You can see the money now, can’t you? ???? ???? 

Your company’s hit their IPO, and you finally get to cash in on your stock options. ????????

You’ve received all the exciting emails from HR about what you’ll be able to do and when, and your trading window is about to start. To say you’re excited is an understatement. ????

We work with A LOT of people in this stage of excitement, and we’re excited for you too. There’s nothing cooler than seeing one of our clients advance her financial plan by YEARS because the IPO she’s worked towards has finally happened.

????‍♂️ BUT… and this is a big but… we see a lot of really common mistakes with employee stock options people do during their first trading window that we’d like to help you avoid, so we’re going to go over those in this article.

Mistake #1: Not Acting on Day One

As soon as you get the dates for your trading window, you need to make DAY ONE of that trading window your tip-top priority. I know it sounds counter-intuitive because trading windows last 4-6 weeks and that feels like a lot of time, but it’s really not.

You only get four trading windows per year. Each window is only open a few weeks, so that’s roughly 70% of the year that you can’t sell your shares.

First things first, educate yourself and know exactly what actions you’re going to take on day one to sell you shares so you can reach your financial goals. You can do this by talking to a financial planner, and thinking about what you’d like to do with your money once you get it.

After that, book the time in your calendar to execute on your plan. Create a phantom meeting with yourself if you need to. Schedule a day off if you’ll need more than a few hours. Work from home so you won’t be interrupted by co-workers walking up to your desk. Have your schedule cleared, with no interruptions, so you can take the action you need to take.

Mistake #2: Not Selling RSUs ASAP

Here’s the thing about RSUs: they’re the bully of the playground when it comes to employee stock options. They’re taxed just as much as regular salary, your tax bill isn’t covered with their withholdings, and the stock price could go down while you’re holding them, but you’d still owe tax on their value on the day they vested. (You can read more about the mess RSUs create here.)

Even still, some employees like to use “yeah, but… “ reasoning to hold onto their RSUs because, after all, they might raise in price and be worth more in the future.

This is one of the worst mistakes with employee stock options, because if the prices don’t go up, you’re out of luck and stuck paying taxes on more money than you actually have.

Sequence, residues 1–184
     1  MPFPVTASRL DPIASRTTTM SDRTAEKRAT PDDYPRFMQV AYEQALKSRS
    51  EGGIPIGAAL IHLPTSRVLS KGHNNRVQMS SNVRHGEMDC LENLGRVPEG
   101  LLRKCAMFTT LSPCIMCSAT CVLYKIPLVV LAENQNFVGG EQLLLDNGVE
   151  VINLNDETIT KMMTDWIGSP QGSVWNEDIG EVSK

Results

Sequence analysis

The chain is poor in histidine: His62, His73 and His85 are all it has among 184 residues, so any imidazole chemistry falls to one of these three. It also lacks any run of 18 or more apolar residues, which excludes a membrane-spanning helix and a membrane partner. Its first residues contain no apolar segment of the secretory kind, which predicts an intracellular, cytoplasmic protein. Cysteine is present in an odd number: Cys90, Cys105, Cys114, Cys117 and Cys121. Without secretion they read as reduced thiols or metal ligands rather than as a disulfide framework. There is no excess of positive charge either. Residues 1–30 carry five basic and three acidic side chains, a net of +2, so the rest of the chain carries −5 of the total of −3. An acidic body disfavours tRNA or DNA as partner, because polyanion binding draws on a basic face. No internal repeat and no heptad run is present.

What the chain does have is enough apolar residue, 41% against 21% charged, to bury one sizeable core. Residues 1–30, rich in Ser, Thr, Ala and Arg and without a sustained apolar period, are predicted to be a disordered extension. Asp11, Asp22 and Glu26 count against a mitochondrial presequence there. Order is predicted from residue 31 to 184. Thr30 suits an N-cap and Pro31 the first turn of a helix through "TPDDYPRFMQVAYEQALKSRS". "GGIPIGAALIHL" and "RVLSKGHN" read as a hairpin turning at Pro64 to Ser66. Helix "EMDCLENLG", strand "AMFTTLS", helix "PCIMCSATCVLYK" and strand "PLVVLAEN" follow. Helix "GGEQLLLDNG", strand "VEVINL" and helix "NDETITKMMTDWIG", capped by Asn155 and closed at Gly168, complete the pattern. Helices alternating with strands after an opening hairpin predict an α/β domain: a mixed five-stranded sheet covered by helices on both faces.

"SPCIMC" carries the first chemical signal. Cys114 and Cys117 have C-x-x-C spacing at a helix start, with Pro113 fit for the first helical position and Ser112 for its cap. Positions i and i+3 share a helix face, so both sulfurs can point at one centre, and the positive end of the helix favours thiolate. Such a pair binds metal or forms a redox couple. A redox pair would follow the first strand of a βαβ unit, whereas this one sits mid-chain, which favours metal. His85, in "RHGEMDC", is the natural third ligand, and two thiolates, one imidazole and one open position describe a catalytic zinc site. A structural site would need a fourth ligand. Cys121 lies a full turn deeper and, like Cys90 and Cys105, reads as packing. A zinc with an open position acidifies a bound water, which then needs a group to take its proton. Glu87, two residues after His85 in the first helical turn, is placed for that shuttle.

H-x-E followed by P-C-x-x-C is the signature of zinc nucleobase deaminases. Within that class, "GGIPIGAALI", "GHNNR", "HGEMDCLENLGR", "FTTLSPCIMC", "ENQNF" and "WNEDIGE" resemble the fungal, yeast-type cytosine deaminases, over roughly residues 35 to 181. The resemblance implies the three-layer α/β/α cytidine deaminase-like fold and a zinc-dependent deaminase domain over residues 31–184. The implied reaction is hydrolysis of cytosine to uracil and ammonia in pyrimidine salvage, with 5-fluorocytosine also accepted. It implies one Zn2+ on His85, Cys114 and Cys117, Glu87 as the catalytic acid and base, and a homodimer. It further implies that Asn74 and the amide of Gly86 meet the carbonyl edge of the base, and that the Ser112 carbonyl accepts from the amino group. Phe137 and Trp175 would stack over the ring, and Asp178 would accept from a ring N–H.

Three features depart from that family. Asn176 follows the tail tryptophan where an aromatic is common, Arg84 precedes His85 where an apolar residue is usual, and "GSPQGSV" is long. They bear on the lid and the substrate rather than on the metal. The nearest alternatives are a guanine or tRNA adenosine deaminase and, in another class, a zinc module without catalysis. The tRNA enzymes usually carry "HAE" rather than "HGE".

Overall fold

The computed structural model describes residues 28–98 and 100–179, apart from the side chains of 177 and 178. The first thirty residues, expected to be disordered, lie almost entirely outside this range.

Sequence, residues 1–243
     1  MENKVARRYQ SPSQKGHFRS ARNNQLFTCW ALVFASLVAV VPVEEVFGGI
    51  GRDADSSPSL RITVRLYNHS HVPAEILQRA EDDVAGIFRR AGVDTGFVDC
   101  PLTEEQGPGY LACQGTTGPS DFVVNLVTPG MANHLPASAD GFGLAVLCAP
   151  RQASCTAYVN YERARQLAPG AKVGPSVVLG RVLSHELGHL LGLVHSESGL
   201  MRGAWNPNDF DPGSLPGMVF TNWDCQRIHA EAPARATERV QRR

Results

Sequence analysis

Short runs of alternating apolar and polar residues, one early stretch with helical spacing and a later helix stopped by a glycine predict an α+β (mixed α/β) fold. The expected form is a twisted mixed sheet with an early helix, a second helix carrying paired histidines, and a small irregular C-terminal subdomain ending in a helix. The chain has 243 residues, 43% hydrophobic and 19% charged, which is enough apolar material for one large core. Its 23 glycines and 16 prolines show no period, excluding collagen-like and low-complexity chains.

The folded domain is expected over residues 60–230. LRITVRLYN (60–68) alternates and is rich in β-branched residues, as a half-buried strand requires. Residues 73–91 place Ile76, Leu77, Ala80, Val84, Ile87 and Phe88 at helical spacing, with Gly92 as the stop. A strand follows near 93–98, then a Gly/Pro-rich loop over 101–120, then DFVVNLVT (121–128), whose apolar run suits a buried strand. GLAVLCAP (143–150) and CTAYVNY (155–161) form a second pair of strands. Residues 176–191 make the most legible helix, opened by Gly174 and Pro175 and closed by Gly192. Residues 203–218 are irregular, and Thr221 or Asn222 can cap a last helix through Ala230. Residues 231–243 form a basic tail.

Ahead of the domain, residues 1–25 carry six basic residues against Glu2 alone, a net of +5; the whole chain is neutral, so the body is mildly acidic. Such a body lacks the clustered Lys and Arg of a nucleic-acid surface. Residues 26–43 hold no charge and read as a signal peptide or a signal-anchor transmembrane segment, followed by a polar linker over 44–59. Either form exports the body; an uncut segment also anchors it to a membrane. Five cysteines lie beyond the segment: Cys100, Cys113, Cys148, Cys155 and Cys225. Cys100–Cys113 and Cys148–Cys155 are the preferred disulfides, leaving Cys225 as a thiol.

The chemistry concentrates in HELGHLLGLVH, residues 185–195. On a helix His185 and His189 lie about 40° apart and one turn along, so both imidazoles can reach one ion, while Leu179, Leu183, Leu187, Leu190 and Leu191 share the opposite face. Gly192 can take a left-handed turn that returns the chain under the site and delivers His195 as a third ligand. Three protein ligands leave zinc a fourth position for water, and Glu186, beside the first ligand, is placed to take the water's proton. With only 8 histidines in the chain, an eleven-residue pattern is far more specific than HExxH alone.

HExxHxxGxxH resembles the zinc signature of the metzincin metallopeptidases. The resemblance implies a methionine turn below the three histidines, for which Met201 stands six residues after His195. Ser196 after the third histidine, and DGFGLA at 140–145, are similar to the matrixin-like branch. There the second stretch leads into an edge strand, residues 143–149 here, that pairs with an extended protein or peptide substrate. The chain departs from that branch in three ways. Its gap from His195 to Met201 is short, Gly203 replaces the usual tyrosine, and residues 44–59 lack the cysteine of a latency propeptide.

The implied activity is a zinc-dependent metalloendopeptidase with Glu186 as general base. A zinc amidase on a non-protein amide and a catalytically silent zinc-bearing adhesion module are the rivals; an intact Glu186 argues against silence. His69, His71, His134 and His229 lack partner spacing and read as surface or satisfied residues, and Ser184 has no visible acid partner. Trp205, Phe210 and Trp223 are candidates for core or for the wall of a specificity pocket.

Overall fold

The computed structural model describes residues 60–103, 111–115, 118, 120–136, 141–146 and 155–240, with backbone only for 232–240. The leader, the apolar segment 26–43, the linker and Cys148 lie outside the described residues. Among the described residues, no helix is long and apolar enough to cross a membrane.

Even if you 100% believe your company’s stock will go up and out-perform the stock market as a whole, it’s still in your best interest to sell your RSUs when they vest.

Here’s the explanation:

Let’s say you work for the best company since Zoom, and really want to invest in the stock. This is good, because the longer your work there, the more RSU grants you get.

Any time you get an RSU grant, they’re first given as a total dollar amount (sort of like a cash bonus), but then that dollar amount is converted into a number of shares at the current stock price.

Let’s say you get an RSU grant worth $800,000 over four years. If the 30-day average price is $20 per share, that means you’ll get ~40,000 shares total, which equals about 833 new shares every month. Ultimately, RSU grants are for a fixed number of shares and not a fixed dollar amount.

If the stock goes up during the four-year period when you’re vesting this $800,000 RSU grant (40,000 shares), that’s great: when you sell, you’ll get more money than the original $800,000 grant value. (And you can do what you want with that money, including exercising other stock options that carry a better tax benefit.) However, if the stock price goes down on those 40,000 shares over time, you still get cash when you sell immediately instead of holding onto sinking shares, and you have the freedom to get a new job at a better company, instead of staying in one whose stock price is dropping.

Mistake #3: Not Being Mentally (or Financially) Prepared for Taxes

Never, ever assume your tax withholdings are enough to cover your tax bill, especially after the IPO.

The withholdings help a little bit, but almost everyone is left with a large tax bill they have to pay to the IRS on April 15th. The best way to prepare is to work with a professional to figure out what your tax bill will be, and set that money aside.

The number will probably seem scary at first, but the longer you have to get used to it, the easier it is to pay your bill when it’s due. (And the less likely you are to get yourself in trouble for not being able to pay your bill.)

Mistake #4: Using Limit Orders Instead of Market Orders

In theory, a limit order is a good idea: you specify a price you’d like to sell at, and you can “set it and forget it” until the stock reaches that price, and the sale goes through.